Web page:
What the judge doesn’t elaborate on, but is a matter of common knowledge in the Detroit community: Fieger is well known for his aggressive work opposing U.S. Attorney Stephen Markman’s candidacy for the Michigan Supreme Court. The circumstances in which the Fieger prosecution began provide an extremely unseemly appearance of political retaliation under cover of the criminal justice process. And this is only the beginning. Borman goes on to note a long series of gross irregularities in the way the matter was handled by the prosecutors. For instance, as I noted, this is a regulatory matter which is usually managed by the FEC. How did it get into the hands of the local U.S. attorney’s office?
The local AUSA’s failure to preliminarily contact the DOJ Public Integrity Section before beginning an investigation, removed the option of the DOJ initially consulting with the FEC prior to the investigation, and coordinating enforcement from the beginning between FEC and DOJ. Indeed, there has been no coordination of efforts between the DOJ with the FEC. The prosecutors acknowledged at a hearing, that the first contact in this case with the FEC was initiated by Defendant Fieger’s counsel.
The explanations again are evasive and unsavory. But the judge then comes to focus on another extremely significant series of facts:
The timeline regarding the eventual recusal of the top three officials of the Detroit U.S. Attorneys’ office is significant. This local investigation began in April 2005; the top three officials did not immediately recuse themselves from the case. The request to the DOJ for consideration of recusal did not occur until seven months later, in November, 2005. During that seven month period, the case investigation was ongoing, including grand jury proceedings. In response to the Court’s questions as to why the three principals did not immediately recuse themselves from the case, AUSA Helland stated that he could not answer the question without getting into information which he did not believe should be disclosed.
Again, the standard response: when backed into a corner, stonewall. In a display of unseemly arrogance that could only fuel the fires of suspicion, the prosecutor repeatedly refused to answer the judge’s direct inquiries into these matters.
The court in this case showed the government extraordinary patience in trying to get to the truth. It’s pretty clear that the court’s good will was abused. The judge has therefore given the Government seven more days to explain its highly irregular conduct, including why the U.S. attorney and his two senior-most deputies recused themselves from the cases—after being involved with it intensely for many months. The facts already at hand strongly suggest that they knew the conduct of their office was highly unethical from the outset and that they sought to protect themselves and their careers by recusal after the case was well launched. The Justice Department doesn’t want to give up this information. But the interests of justice require it.
What’s at stake in this case? Robert H. Jackson reminded us in his speech “The Federal Prosecutor” that our society can never tolerate a situation in which prosecutors investigate individuals rather than crimes. When this occurs, the basic principles of our criminal justice system are subverted and the nation is put on the path towards tyranny. The damage is compounded when a prosecutor uses his vast powers, held under a public trust, to attack his political enemies. But all signs point to this being the case in Michigan, like other cases in Alabama, Mississippi, Georgia and Wisconsin. The assault in the Michigan courtroom is not on attorney Geoffrey Fieger. It is on the bedrock principles of our criminal justice system.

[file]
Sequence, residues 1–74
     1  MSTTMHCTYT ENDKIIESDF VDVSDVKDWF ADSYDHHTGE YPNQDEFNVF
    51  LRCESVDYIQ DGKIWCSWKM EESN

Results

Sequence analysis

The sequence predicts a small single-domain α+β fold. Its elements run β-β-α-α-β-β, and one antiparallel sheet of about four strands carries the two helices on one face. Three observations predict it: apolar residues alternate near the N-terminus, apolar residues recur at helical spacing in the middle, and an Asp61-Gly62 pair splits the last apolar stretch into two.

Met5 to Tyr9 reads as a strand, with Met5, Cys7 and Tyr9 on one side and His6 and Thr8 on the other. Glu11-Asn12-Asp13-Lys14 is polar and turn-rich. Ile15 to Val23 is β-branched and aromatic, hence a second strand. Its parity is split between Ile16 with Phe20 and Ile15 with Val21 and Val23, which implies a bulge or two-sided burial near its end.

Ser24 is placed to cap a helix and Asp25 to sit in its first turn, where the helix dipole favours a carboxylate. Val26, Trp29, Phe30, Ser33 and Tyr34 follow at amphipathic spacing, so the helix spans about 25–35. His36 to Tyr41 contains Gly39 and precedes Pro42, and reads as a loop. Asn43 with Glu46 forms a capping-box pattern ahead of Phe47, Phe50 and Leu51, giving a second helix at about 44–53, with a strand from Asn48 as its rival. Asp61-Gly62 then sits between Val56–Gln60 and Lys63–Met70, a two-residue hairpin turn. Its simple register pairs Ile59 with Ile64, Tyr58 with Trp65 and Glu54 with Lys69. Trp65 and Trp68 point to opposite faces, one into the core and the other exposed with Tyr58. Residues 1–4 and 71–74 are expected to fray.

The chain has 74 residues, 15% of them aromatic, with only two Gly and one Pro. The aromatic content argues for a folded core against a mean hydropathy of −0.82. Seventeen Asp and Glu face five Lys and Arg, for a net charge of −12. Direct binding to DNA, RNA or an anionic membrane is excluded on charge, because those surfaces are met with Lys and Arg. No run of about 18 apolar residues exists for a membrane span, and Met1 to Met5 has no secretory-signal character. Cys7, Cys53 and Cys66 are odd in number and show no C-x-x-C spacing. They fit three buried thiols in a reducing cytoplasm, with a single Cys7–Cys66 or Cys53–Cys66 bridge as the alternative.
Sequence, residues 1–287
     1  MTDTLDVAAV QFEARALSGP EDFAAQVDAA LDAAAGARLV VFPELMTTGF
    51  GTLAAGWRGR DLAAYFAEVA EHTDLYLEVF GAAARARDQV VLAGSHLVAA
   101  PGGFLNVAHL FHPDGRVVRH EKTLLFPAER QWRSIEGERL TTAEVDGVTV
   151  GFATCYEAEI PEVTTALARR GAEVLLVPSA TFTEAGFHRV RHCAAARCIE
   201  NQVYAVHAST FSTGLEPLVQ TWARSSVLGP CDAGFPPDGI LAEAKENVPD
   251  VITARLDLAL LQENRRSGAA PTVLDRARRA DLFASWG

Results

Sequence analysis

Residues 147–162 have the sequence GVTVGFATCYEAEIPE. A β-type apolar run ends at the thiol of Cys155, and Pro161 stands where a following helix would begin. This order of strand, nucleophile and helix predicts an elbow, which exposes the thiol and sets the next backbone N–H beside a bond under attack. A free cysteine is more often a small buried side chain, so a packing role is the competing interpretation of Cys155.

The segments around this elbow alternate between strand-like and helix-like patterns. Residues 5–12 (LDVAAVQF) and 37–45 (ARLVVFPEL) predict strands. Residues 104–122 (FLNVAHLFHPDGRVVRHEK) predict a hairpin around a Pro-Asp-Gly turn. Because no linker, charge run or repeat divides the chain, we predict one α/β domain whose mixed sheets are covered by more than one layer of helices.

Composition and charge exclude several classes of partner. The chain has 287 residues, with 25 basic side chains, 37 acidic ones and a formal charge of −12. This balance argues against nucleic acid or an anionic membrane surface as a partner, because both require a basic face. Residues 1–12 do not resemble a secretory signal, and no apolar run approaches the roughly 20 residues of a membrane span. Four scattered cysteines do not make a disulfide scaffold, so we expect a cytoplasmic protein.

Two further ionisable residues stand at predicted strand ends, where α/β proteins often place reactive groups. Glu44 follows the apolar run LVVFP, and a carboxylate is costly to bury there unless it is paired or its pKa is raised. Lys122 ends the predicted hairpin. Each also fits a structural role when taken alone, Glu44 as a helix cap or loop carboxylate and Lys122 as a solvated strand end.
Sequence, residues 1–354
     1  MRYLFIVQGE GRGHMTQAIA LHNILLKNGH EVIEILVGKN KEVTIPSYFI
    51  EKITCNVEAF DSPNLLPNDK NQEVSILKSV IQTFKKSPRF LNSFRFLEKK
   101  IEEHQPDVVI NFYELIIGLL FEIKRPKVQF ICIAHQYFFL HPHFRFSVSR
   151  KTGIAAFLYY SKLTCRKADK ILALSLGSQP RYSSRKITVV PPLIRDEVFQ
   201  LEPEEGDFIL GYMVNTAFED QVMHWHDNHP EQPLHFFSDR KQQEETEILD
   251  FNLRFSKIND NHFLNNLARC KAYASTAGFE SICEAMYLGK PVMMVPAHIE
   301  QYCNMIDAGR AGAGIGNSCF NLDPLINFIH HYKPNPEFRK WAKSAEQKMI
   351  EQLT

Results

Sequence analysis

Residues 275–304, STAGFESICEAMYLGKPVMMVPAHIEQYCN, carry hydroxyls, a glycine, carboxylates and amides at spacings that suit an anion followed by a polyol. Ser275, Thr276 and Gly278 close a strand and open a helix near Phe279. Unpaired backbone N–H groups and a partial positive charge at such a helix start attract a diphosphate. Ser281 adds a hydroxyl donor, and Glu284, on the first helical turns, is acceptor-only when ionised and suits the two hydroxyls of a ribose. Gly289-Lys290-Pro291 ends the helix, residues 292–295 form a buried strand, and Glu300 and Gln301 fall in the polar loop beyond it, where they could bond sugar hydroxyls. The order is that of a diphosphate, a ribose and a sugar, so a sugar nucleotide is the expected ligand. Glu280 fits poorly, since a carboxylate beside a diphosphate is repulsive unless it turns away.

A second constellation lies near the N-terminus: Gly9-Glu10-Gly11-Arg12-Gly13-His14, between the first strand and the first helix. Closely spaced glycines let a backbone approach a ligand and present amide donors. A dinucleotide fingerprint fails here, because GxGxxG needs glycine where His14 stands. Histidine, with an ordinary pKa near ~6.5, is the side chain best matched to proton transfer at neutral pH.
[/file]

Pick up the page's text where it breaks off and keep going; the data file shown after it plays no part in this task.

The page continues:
In fact the pattern of politically-instigated investigation, prosecution and recusal in this case perfectly matches the Siegelman case in the Middle District of Alabama, in which the Justice Department continues tenaciously to fight FOIA requests and even the document production demands of the United States Congress. At this point it is plain that the Justice Department is not guided by policies and principles in its posture, but by an earnest resolve to keep hidden the dark truths that an entire nation now suspects and which will come to the front burner as soon as the results of the Department’s own investigation into the misconduct of Attorney General Gonzales become public. It’s time to shine a bright and sanitizing light down the crevice of these prosecutions and let the truth be known.
More from Scott Horton:
Conversation — August 5, 2016, 12:08 pm
Sidney Blumenthal on the origins of the Republican Party, the fallout from Clinton’s emails, and his new biography of Abraham Lincoln
Conversation — March 30, 2016, 3:44 pm
Joseph Hickman discusses his new book, The Burn Pits, which tells the story of thousands of U.S. soldiers who, after returning from Iraq and Afghanistan, have developed rare cancers and respiratory diseases.
Years ago, I lived in Montana, a land of purple sunsets, clear streams, and snowflakes the size of silver dollars drifting through the cold air. There were no speed limits and you could legally drive drunk. My small apartment in Missoula had little privacy. In order to write, I rented an off-season fishing cabin on Rock Creek, a one-room place with a bed and a bureau. I lacked the budget for a desk. My idea was to remove a sliding door from a closet in my apartment and place it over a couple of hastily cobbled-together sawhorses.
Amount by which a typical good-looking U.S. worker will out-earn a typical ugly one over a lifetime:
A Japanese inventor unveiled a new invisibility cloak that uses a material made of thousands of tiny beads called “retro-reflectum.”
A couple at a Cracker Barrel restaurant in Greenville, South Carolina, left their waitress a note telling her “the woman’s place is in the home,” in lieu of a tip.
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"She never thanked me, never looked at me—melted away into the miserable night, in the strangest manner I ever saw. I have seen many strange things, but not one that has left a deeper impression on my memory than the dull impassive way in which that worn-out heap of misery took that piece of money, and was lost."